On Sunday, Blessed Words From A Woman Called "Blessed"

From the Gospel of Luke, chapter 1, v. 46-55, the Virgin Mary’s song of praise as the angel Gabriel revealed Yahweh’s intention for her as the Savior’s mother:

“My soul magnifies the Lord, and my spirit rejoices in God my Savior,
for He has looked with favor on the lowliness of His servant.
Surely, from now on all generations will call me ‘blessed;’
for the Mighty One has done great things for me, and Holy is His Name.
His mercy is for those who fear Him, from generation to generation.
He has shown strength with His arm;
He has scattered the proud and the thoughts of their hearts.
He has brought down the powerful from their thrones,
and lifted up the lowly;
He has filled the hungry with good things, and sent the rich away empty.
He has helped His servant Israel, in remembrance of His mercy,
according to the promise He made to our ancestors,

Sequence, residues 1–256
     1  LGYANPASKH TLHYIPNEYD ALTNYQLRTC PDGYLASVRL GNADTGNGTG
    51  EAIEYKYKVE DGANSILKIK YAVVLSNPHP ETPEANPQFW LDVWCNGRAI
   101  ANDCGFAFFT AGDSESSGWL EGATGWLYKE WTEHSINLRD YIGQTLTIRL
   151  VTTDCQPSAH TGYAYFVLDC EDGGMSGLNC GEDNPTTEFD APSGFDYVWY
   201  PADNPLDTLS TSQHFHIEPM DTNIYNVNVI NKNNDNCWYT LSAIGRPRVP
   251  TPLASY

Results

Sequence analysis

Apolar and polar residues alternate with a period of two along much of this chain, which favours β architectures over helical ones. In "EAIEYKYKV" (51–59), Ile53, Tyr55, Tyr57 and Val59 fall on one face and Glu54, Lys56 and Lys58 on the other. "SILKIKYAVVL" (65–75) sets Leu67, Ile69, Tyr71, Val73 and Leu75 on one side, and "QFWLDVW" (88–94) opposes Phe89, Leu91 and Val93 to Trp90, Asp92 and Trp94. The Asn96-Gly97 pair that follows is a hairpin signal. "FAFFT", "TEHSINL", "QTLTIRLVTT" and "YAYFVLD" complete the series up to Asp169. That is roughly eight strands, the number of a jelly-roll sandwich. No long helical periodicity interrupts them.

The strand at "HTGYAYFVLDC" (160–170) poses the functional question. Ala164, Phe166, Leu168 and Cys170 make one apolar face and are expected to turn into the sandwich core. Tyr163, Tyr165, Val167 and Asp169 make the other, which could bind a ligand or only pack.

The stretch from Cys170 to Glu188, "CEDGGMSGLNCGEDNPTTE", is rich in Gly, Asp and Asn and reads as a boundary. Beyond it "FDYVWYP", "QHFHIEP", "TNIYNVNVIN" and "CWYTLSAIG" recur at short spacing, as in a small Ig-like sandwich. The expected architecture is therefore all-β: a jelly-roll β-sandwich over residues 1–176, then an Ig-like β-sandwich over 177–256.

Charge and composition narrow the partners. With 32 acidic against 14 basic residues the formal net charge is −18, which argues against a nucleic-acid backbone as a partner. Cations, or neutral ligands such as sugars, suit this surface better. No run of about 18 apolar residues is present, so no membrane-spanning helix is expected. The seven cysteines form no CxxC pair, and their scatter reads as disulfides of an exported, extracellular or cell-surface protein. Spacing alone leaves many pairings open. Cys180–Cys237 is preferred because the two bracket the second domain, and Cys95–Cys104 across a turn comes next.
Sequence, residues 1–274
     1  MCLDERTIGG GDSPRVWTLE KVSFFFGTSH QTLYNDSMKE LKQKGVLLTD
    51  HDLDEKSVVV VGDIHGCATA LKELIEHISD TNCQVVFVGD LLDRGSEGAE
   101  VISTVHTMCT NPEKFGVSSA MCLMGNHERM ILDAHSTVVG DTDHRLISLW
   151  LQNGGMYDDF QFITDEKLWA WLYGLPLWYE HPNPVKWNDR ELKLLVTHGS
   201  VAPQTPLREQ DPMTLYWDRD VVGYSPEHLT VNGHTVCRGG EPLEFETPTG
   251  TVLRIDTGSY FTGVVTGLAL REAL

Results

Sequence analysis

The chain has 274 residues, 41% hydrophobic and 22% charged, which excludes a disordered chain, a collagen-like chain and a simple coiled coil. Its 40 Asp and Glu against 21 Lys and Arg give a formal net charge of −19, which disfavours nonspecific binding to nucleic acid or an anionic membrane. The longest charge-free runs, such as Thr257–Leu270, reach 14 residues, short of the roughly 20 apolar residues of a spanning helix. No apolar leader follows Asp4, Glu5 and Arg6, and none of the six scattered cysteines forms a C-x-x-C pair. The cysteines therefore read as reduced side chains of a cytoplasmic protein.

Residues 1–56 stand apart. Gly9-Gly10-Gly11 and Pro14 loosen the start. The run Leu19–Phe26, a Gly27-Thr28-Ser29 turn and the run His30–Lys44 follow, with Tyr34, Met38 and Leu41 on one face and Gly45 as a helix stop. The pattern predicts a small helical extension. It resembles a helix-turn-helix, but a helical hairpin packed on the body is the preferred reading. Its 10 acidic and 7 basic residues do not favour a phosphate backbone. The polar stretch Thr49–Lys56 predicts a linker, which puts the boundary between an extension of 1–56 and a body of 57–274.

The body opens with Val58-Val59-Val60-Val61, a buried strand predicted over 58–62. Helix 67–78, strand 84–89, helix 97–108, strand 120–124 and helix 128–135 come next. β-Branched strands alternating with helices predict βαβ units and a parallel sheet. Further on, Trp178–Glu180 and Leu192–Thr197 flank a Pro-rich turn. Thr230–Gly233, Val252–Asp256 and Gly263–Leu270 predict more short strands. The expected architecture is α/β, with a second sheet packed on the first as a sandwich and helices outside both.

to Abraham and to his descendants forever.”

And yes, I believe — in a literal Mary, a first-century Jewish teenager betrothed to the carpenter Joseph, a virgin at the time of the Incarnation, the “theodokos,” or God-bearer.

I don’t believe in the Immaculate Conception, which refers not to the Incarnation nor Mary’s impregnation by the Spirit, but to the Roman Catholic doctrine of her own unique birth untainted neither by original sin nor the sinful nature that comes from it. I revere Mary as I revere the Apostle Paul, the martyr Stephen, the Apostle Junia, and the teachers Priscilla and Aquila; she is not, however, my “Co-Redemptrix,” nor is she sort of an appointed “Fourth Person” of the Trinity.

Nonetheless, hers are the most profound, beautiful, faithful, courageous, revolutionary and powerful words likely ever spoken, I think, by a human being, and on this and every Sunday, and indeed every day we’re walloped by the painful twists and sudden turns of our lives, the Magnificat reminds us that only in obedience to God is there joy. Mary’s strength springs not from the fruitfulness of her uterus, but from the devotion and humility in her heart, and this brave, passionate, strong woman is a model not only for Christian women, but for men who seek to live in obedience to Christ as well. Hers are timeless and timely words for Women’s History Month, and precious pearls for my own heart every day of the year.

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